By Curator Nancy McClure; from Trail End Notes, November 2002

OVER THE PAST several months, Trail End’s curatorial staff has been busy reorganizing the collections storage areas. As previously reported, we have installed new storage cabinets to accommodate the many artifacts not currently on exhibit. When complete, the reorganization, which includes preparation of a detailed inventory and location list, will facilitate staff access to stored collections. This not only will aid us in properly caring for and documenting the artifacts, but will also make it easy to rotate them out of storage and into exhibit areas so that visitors can see more of the treasures Trail End houses.

While reboxing a quilt during the reorganization, we were reminded of the beauty and workmanship that goes into these handcrafted textiles. It seems that many families have quilts in their possession, likely handed down by a grandparent. Such heirlooms need proper care to last the generations, but also should be shared as the works of art they are. We thought some tips on displaying quilts – while also looking out for their preservation – might interest our readers.

Before displaying a quilt, its condition should always be carefully assessed. A quilt with fabric in good condition, that has intact stitching both in the piecing and in the quilting, can safely be displayed with a few precautions. Some things to think about as you plan where and how to display your heirloom quilt include:

  • Lighting  Light is very damaging to textiles. When planning the location for your display, make sure that the quilt will not be hit with direct sunlight or flooded with artificial light (especially fluorescent) for long periods each day. Chose a room away from the main living areas and the highest traffic.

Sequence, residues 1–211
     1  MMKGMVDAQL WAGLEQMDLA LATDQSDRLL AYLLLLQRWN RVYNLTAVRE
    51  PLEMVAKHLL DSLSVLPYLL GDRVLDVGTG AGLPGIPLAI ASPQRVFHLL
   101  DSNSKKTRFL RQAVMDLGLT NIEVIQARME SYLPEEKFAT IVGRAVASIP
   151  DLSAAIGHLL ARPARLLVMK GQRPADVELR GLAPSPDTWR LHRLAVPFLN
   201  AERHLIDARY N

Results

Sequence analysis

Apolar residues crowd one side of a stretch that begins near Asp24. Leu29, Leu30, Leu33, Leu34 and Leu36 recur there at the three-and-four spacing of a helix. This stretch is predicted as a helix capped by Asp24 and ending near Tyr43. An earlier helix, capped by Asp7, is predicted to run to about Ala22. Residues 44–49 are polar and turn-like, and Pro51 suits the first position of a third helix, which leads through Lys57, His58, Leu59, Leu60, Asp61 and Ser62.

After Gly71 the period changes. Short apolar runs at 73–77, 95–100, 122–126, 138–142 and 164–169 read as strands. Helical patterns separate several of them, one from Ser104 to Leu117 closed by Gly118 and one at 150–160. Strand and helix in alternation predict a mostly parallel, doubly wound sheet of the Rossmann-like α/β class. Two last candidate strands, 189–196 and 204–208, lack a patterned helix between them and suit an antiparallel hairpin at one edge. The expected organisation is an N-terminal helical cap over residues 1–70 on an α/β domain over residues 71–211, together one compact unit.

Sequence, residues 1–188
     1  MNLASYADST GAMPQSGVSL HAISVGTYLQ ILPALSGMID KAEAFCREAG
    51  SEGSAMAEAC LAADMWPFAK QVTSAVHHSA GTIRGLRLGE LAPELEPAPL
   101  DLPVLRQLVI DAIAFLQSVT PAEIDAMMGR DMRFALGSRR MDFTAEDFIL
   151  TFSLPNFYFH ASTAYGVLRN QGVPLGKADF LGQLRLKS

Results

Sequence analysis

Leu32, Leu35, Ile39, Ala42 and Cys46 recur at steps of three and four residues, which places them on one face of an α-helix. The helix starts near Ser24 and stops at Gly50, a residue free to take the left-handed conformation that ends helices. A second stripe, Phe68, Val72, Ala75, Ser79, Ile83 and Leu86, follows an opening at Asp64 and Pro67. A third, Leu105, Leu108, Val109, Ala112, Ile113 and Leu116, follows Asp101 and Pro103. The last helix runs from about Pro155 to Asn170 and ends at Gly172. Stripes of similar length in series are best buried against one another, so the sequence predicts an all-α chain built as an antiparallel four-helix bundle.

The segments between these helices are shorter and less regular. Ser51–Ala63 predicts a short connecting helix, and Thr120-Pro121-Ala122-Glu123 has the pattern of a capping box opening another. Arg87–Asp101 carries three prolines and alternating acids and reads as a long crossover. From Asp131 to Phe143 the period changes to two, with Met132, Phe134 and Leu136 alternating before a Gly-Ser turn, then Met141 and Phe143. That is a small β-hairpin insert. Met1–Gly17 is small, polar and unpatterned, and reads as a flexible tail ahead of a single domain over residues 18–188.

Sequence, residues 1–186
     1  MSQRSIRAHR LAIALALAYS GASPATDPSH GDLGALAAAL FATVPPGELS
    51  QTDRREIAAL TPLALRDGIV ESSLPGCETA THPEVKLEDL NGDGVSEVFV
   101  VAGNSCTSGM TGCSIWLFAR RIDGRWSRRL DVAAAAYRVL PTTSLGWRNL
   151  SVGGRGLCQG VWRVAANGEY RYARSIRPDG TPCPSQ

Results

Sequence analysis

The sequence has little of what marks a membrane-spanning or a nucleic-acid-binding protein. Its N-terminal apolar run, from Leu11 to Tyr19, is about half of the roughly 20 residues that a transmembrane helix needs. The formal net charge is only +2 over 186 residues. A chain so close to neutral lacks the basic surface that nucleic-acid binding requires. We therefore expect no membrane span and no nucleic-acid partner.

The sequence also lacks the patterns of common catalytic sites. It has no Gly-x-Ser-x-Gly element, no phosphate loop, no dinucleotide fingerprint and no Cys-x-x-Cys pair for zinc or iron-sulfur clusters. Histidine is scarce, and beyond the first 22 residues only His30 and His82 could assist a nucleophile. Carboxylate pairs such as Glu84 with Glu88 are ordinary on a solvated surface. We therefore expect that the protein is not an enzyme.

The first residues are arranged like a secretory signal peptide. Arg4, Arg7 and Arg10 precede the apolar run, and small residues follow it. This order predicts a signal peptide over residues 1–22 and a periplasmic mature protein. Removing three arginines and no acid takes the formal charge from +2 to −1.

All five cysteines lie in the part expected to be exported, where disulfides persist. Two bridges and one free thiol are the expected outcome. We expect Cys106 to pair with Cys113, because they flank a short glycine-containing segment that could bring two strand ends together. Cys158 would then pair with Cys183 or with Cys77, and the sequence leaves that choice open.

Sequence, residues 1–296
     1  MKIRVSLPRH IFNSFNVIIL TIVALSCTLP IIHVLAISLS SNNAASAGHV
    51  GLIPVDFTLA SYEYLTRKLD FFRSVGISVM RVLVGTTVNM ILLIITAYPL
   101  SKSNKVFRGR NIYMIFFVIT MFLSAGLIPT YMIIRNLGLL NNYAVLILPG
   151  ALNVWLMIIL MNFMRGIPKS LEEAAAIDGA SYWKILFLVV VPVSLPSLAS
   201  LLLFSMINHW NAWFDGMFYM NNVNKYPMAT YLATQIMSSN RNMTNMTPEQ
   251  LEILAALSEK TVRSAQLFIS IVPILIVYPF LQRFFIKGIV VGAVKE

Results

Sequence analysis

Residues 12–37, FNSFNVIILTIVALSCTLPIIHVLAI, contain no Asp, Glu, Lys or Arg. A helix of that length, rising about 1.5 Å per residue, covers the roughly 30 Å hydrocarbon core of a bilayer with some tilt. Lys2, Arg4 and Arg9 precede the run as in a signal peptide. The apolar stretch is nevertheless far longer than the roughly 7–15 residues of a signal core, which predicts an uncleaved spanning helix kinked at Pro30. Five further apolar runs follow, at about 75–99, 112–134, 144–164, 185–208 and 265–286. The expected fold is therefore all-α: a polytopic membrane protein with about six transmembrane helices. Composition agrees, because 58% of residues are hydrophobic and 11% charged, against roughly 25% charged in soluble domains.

• Cleaning  Soiling, including everyday dust, is also damaging to textiles, but don’t overcompensate with vigorous cleaning. Although stable quilts can be wet-cleaned carefully with a small amount of mild soap, multiple rinsings, and air-drying flat, you probably can get by with simple vacuuming to rid the quilt of dust. Lay it flat, use low suction, and vacuum through a sheet of fiberglass screen with the edges of the screen carefully taped to prevent snagging. The screen assures that any loose pieces will not vanish into the vacuum cleaner. 

  • Draping  While the simplest method of display for a quilt is simply to drape it over a bed, it may not be practical, unless you chose a bed in a guest room that is seldom used. A quilt on a bed in a family member’s room, where the bed is slept in and remade every day, will suffer stress to fabric and stitching by frequent handling – not to mention wear and tear caused by pets or toys on the bed. 

  • Hanging  An appealing alternative for display is to hang the quilt on a wall. This can only be done with quilts in good condition. Attach a fabric sleeve to the back upper part of the quilt by first doubling the fabric to form the sleeve, then stitching the sleeve to the quilt’s backing with a double row of quarter-inch stitches. Thread a wooden dowel through the sleeve and hang the quilt by attaching the ends of the dowel, or a cord strung between them, to the wall. Your quilt will hang out of harm’s way and add a piece of history to the room.

  • History  Remember to record the history of the quilt and why it is important to you. The quilt and its story will delight anyone you chose to share them with.

  • Resting  Finally, any historic textile should be rested from display periodically, so only allow any one quilt to hang for a few weeks a year. If you have more than one quilt in good condition, it’s a great opportunity to rotate them, displaying each for a time before bringing out the next one. 

If you have a quilt that is torn and threadbare, it's not a good candidate for display. Such a quilt, saved for sentimental reasons, can be stored according to museum standards (wrapped inside acid-free paper and rolled onto an acid-free core or placed into an acid-free box) to stave off further deterioration. While fewer people will see it, you will know that you are caring for it and can pass it on to the next generation. 

 (Kendrick Collection)

Displaying Heirloom Quilts

 State Historic Site

Trail End